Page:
MB: I think the process of capturing the sound is certainly different. I don't really know how they put it together, whether they recorded each part separately or tracked the rest in over the top. I don't think it was recorded all at the same time. Recording to tape means you can do less editing. There were obviously not as many editing capabilities as there is now working with digital. I suppose the problem with hindsight is you always look back and think it must have been difficult to make because things are easier now. There are differences definitely, but there are creative arguments for both. I think today it's about combining digital with analogue. Combining the convenience of digital with certain analogue touches to give a certain colour or character to what you're doing. With Kraftwerk, I was always struck by how clean the recording is. The production of that particular album is spotless. It is digital in that there's no hiss, that's amazing really. Once we started the process of looking at all the material I really started to listen more to their work. I thought it was an amazing vision. So, it's been a double journey for me.

Franck is similar to you in that he is a composer that thinks outside of the box and ventures into many music settings and styles. How would you describe your working relationship with him?

MB: We met in 2006 I think; he came to Leeds to play with the LIMA orchestra with Marc Ducret and did some conducting. We got talking and we found out we both love Scott Walker and so we connected and I stayed in touch with him. I think I emailed him and suggested we do something, so we did a duo album. Then he working with turntables, synths, circuit equipment, filter pedals and guitar and I played Rhodes and piano and it was great fun. He wrote a piece for the Ars Nova ensemble called 'Broken Circles'.

Does he also have a background in jazz music?

MB: To a point, yes. He used to have a band called Push the Triangle and he's always been an improviser, but not typically, no. He's been involved in experimental, more rocky bands but they were always pushing for something else. Doing this project has been really interesting because technology the way it is, we've been able to work on this without being in the same room. He will send me his parts and I will add to his parts. Potentially, there's another project next year, something to do with Erik Satie, a show in Paris. Everything we've worked on together is different. I did a project with Franck and Bruno Chevillon and Michel Blanc called Camera and for that he worked with two tape machines and a contact mic. Bruno played bass and pedals, I played piano and string synth and Michel played various bits of percussion. The Ars Nova stuff was all fully notated where this is a reworking of an iconic album, so it's never routine and I always feel I'm being pushed by him.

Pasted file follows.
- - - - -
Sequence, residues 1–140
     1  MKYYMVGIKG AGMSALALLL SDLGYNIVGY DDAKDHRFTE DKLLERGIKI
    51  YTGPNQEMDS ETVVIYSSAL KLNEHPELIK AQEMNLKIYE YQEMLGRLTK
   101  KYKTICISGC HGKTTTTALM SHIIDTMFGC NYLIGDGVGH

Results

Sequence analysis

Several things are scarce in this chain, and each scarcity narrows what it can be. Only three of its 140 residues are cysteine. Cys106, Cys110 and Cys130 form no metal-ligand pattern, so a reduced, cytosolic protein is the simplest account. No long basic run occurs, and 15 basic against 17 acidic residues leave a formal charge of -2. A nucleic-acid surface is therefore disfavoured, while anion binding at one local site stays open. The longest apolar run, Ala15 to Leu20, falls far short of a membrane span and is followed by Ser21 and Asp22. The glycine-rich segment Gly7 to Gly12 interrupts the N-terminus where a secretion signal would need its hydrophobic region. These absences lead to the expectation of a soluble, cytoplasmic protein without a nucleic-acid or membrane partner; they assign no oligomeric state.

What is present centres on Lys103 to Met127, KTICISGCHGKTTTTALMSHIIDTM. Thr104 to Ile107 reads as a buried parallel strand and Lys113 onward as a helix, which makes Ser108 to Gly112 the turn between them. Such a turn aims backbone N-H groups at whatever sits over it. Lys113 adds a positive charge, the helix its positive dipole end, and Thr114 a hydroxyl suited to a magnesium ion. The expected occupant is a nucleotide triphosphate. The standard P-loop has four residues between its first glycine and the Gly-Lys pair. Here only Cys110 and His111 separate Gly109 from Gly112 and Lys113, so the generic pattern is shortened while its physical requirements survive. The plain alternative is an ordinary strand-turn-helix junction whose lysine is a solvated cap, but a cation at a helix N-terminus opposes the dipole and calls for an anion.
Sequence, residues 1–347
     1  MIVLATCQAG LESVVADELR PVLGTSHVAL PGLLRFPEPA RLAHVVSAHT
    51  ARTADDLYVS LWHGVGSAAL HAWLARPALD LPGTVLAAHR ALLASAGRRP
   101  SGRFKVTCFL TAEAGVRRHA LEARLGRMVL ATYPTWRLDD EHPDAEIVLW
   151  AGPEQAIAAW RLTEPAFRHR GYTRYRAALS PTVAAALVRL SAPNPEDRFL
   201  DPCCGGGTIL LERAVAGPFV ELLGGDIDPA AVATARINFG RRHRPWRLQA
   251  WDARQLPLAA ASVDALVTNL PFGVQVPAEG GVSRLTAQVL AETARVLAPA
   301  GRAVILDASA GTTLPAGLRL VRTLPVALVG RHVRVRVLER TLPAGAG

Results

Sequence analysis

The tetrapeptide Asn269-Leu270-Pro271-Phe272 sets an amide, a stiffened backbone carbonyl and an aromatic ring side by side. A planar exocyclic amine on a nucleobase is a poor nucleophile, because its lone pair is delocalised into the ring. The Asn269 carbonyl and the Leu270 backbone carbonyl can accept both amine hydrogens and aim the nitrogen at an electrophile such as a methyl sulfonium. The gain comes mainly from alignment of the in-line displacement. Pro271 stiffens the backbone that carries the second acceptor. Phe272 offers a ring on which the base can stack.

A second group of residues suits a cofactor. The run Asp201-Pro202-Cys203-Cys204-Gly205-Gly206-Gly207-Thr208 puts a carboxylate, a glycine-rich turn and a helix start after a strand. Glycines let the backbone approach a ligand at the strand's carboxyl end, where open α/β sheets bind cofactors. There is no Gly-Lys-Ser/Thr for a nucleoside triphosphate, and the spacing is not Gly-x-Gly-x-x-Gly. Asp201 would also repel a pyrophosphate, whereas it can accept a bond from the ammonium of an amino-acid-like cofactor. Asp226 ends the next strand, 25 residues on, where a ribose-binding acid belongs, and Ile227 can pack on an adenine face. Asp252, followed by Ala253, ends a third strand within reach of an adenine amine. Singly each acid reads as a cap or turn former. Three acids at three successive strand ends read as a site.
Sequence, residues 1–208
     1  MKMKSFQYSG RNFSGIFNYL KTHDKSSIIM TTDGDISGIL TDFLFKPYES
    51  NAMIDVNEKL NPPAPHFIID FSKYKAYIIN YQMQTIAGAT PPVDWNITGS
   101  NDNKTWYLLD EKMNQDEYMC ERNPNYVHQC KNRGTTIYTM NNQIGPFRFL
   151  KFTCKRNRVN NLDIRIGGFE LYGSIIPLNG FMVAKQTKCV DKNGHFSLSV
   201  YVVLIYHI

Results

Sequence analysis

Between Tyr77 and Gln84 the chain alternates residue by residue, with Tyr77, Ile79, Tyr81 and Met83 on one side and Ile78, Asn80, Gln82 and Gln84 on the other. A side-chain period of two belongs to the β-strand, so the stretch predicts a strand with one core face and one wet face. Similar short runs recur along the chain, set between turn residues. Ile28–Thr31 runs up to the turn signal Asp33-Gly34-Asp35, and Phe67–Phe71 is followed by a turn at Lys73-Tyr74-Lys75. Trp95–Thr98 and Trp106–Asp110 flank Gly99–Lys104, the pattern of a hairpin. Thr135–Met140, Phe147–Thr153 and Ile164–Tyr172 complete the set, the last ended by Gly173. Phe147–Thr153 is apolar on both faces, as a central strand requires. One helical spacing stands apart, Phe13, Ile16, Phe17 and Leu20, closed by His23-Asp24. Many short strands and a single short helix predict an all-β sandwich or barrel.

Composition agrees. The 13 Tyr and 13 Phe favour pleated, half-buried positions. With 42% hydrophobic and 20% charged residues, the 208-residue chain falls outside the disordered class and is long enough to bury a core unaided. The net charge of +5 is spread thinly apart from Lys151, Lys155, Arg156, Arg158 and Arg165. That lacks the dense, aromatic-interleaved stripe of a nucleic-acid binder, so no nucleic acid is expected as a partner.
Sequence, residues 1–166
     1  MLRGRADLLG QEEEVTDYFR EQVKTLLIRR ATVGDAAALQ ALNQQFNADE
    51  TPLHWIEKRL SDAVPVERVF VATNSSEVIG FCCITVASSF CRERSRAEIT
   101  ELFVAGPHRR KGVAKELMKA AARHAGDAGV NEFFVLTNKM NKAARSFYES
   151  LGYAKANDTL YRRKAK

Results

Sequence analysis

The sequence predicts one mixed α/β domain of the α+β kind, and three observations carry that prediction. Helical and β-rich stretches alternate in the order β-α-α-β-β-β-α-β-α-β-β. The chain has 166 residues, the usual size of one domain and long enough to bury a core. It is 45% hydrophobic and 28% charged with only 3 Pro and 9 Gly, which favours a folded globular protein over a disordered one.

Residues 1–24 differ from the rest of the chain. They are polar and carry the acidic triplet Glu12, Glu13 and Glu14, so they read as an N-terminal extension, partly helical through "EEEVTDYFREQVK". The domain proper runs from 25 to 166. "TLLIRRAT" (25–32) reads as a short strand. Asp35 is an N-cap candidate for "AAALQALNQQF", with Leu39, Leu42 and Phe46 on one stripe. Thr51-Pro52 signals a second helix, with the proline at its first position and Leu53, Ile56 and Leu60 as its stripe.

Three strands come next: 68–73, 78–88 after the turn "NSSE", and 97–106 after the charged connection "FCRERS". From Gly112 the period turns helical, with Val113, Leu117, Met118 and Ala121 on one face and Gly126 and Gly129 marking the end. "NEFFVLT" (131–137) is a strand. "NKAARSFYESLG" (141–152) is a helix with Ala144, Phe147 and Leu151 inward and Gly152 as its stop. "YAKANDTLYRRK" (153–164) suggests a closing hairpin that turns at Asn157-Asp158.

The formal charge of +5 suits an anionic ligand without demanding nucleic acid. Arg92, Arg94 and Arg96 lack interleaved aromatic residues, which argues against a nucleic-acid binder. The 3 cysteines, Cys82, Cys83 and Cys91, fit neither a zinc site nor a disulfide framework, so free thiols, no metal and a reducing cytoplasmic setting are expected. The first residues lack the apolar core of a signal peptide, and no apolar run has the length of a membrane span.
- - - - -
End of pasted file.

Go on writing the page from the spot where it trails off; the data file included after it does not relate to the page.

Of all the Kraftwerk albums, why the Radioactivity record as a subject for this album?

MB: The anniversary really. We were also thinking practically. The 40th anniversary thing would sell the idea. Luckily, there was other Kraftwerk stuff in the air too so it appealed to a lot of people. It was a happy coincidence really. Franck's thing was to do something that would be a real challenge. We can both improvise but that wasn't going to help us get any work, so there was definitely a practical side to it. As soon as we started listen to Radio-Activity, and we were checking out some of the sounds, we were in, we were focused on doing it. It's been brilliant. If somebody had told to me I was going to re-work one of Kraftwerk's albums in the next five years I would have been like 'yeah, whatever'. It's like somebody telling me that when I get to the age of 32 I'd have learnt to ride a motorbike, and I'll ride it to Valencia. I wouldn't have dreamt it but I've done it. For me, this (project) is almost an intrepid thing because essentially, for a lot of people, Kraftwerk is a holy grail.

How did the idea of an album come about and what challenges did recording an album like this throw up?

MB: It was in Brighton that Tony Morley (from the Leaf label) asked if we were going to record it. He said it would be great and that he could do something interesting with it. At the time Franck wasn't interested, he said he was busy with other stuff. But I suggested to Franck that if somebody was offering to release a record of this we should do it. I explained it wouldn't cost us anything and we'd already done all the work, that we'd mopped up the whole show, we'd perfected it. It was just a case of changing a few bits and recording it. Once some time was mapped out to do it the whole thing took less than two weeks to record. I think we'd also then decided to present the album in the same order as the original. The flow of the show was not in the order of the album, so a few sounds had to be changed for the purposes of the album. As much as the show was quite loud and dynamic in parts, we had to make it work as a record. Not as in your face really.

What elements of the original album did you feel you had to keep in place and what have you changed?